Whip the cream with a little vanilla and sugar.

Arrange a few cookies in a round shape on a plate or cake stand. Spread whipped cream on top. Repeat until you have formed a cake. Use the fine crumbs at the bottom of the cookie boxes to sprinkle over the top of the cake. Serve in slices, with fresh strawberries.

Salad Nicoise

This is a family favorite from the summers of my childhood. Traditionally, it is served with tuna, but I like to use salmon (see recipe below). You can add as many items to the salad plate as you like; the following are my favorites:

Green beans: steam and then toss with dressing (below) just before serving.
Cherry tomatoes: halve and then toss with a little olive oil, balsamic vinegar, and fresh thyme.
Potatoes: boil and while still hot, mix with a little white vinegar and dill. Once cool, add a dash of olive oil.
Hard-cooked eggs

Arrange all your ingredients on a bed of butter lettuce, dressed in a mixture of Dijon mustard, olive oil, lemon juice, finely chopped shallots and fresh herbs (I like to use tarragon, chives, and thyme). Place the fish on top, and serve cold with good bread.

Baked Salmon

This is a really easy and delicious dinner. I often serve it with pasta al pesto, and it is also nice with just a simple spinach salad.

Salmon filets
Olive oil
Lemon slices (2 per filet)

Preheat the oven to 450 degrees Farenheit. Sprinkle the filets with salt and pepper, and place on aluminum foil on a baking sheet. Fold the foil upwards around the fish to create walls. Chop the herbs finely and mix with olive oil. Drizzle this on top of the fish, and then place two lemon slices on top. Bake for approximately 12-15 minutes.

Sour Cherry Pie

My dad's favorite! This is excellent with a scoop of vanilla ice cream. You could add more sugar here to make a sweet cherry pie. Since the filling is tart, I like to use a sweeter pie crust than usual, and this one from Martha Stewart is my favorite.

About 6 cups of fresh, not-quite-ripe-cherries, pitted, or canned sour cherries, drained
1/2 C sugar
2 Tbs cornstarch
2 Tbs butter

Two Pie Crusts:
9 tsp sugar
1 tsp salt
1 C (2 sticks) cold unsalted butter
2 large egg yolks, lightly beaten (save the whites for the top)
2 Tbs ice water

In a large bowl, or in a Cuisinart, mix the flour, sugar and salt. Add the butter and mix until the dough looks crumbly. Add the egg yolks to combine. While the food processor is still running (or while mixing constantly by hand), add the water in a slow, steady stream until the dough just holds together. Wrap the dough in plastic wrap and refrigerate for an hour before rolling out.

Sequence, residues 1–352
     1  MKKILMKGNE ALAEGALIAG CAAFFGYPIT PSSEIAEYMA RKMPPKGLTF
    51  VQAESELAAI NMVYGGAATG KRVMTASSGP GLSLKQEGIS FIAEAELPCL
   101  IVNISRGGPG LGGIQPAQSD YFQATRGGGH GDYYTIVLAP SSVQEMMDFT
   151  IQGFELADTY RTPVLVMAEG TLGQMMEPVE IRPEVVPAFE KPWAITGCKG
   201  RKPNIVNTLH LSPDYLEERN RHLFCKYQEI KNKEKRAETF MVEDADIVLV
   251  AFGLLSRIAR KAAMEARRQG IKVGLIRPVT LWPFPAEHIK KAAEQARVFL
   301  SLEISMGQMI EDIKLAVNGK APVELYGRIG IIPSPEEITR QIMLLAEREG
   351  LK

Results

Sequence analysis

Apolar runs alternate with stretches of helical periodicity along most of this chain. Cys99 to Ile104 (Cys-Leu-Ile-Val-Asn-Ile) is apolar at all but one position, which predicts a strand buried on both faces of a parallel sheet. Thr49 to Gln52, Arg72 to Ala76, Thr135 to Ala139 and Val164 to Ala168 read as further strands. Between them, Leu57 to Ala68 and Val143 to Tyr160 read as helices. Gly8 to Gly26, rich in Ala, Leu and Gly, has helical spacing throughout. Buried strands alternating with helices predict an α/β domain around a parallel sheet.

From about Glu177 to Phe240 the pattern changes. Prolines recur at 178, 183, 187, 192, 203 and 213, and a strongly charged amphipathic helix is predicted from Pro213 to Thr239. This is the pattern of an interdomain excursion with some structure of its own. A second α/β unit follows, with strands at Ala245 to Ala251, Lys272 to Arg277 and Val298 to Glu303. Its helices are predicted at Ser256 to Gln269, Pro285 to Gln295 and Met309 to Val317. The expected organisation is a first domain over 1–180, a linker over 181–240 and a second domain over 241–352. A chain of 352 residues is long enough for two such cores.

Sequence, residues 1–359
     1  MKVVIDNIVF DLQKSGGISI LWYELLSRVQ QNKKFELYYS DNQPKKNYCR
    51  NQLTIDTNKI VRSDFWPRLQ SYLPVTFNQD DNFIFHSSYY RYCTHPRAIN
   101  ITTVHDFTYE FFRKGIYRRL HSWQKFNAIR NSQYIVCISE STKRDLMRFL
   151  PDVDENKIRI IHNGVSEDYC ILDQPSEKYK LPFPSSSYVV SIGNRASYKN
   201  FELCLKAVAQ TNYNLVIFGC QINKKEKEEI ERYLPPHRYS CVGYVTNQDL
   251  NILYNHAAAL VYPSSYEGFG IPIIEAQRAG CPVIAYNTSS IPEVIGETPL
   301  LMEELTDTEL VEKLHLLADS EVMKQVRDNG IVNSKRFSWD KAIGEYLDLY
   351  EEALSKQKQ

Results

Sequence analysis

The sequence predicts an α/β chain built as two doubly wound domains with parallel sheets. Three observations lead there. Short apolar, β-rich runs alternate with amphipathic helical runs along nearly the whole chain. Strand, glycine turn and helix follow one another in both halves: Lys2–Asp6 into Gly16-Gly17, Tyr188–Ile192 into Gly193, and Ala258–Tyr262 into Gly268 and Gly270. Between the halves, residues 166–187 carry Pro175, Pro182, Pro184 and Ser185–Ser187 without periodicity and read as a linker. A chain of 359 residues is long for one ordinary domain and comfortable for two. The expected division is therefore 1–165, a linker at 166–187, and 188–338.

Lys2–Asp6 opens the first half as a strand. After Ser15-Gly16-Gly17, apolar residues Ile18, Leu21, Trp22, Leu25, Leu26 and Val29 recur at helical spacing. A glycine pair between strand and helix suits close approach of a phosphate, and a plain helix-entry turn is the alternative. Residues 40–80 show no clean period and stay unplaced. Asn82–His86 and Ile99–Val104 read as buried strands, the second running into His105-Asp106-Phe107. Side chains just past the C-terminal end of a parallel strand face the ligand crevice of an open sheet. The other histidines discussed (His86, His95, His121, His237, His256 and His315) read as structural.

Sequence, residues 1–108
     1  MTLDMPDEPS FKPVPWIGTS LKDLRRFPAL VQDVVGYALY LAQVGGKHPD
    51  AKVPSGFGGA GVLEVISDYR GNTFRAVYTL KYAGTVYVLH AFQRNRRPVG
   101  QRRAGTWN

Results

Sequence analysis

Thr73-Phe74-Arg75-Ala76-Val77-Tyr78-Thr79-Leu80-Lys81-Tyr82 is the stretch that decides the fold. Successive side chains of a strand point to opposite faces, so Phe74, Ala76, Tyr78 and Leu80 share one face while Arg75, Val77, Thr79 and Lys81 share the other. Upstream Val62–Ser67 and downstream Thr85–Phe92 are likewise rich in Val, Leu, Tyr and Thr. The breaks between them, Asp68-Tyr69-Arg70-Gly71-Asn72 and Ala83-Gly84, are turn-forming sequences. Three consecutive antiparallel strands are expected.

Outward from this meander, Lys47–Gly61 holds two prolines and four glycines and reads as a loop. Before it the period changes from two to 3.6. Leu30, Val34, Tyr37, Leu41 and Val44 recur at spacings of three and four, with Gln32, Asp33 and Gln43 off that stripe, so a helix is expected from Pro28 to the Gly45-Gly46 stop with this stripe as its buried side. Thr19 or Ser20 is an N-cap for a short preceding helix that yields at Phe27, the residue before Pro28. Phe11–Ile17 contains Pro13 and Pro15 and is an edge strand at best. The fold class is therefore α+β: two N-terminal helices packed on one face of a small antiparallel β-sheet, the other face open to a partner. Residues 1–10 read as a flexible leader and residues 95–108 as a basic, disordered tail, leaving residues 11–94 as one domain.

Meanwhile, make the filling: mix the cherries with the cinnamon, cardamom, and cornstarch. Set aside. Preheat the oven to 450 degrees Farenheit.

Roll out half the dough on a flat, floured surface. Try not to handle it too much. Place this crust in the bottom of a deep dish pie pan. Fill with the cherry mixture. Dot the top of the cherries with butter. Roll out the other half of the dough and use a knife to cut it into strips. Carefully weave the strips of dough into a lattice over the filled pie crust.

Brush the top of the lattice with a little egg white mixed with water. Sprinkle with sugar, and bake for 10 minutes. Reduce the heat to 350 degrees, and bake for another 25-30 minutes.

Peach Cobbler

This is a combination of a Tyler Florence recipe, a James Beard recipe, a Martha Stewart recipe and my own improvisation. I'm sorry I didn't take better pictures, but I promise that it looks as good as it tastes! The topping is a little like sweet biscuit dough... yum!

8 peaches, peeled and sliced
1/4 C bourbon or brandy
1 1/2 flour
3/4 C sugar, plus a little extra for on top
2 Tbs cornstarch
2 tsp baking powder
Pinch of salt
16 Tbs (2 sticks) unsalted butter, kept cold
3/4 C heavy cream, plus more for on top
Almond extract (my grandma taught me this makes peaches taste extra peachy!)

Heat the oven to 375 degrees Farenheit.

In a large bowl, combine the peaches, bourbon, 1/4 C sugar, cornstarch, and spices to taste. Set aside.

In another bowl, mix the flour, 1/2 C sugar, baking powder, and salt. Cut in 12 Tbs of butter (1 and a half sticks) with a pastry cutter (note: this can all be done in a Cuisinart, too) until the mixture looks shaggy. Pour in the cream and mix just until the dough comes together.

In a 10-inch cast iron skillet, melt the remaining 4 Tbs of butter. Add the peaches and cook until just heated, about 5 minutes. Drop the dough by spoonfuls onto the top. Brush with the remaining cream and sprinkle with some sugar (I used cinnamon sugar). Put the skillet in the oven and bake for 40-45 minutes, or until the top is browned and the fruit is bubbling.

Banana Pudding

This recipe is based on one from Sheila Lukins' USA Cookbook. I like to use chocolate cookies instead of Nilla wafers because I think it classes things up a bit, and I also use whipped cream instead of merengue on top because, well, whipped cream is great on everything.

1 3/4 C sugar + about one Tbs for the whipped cream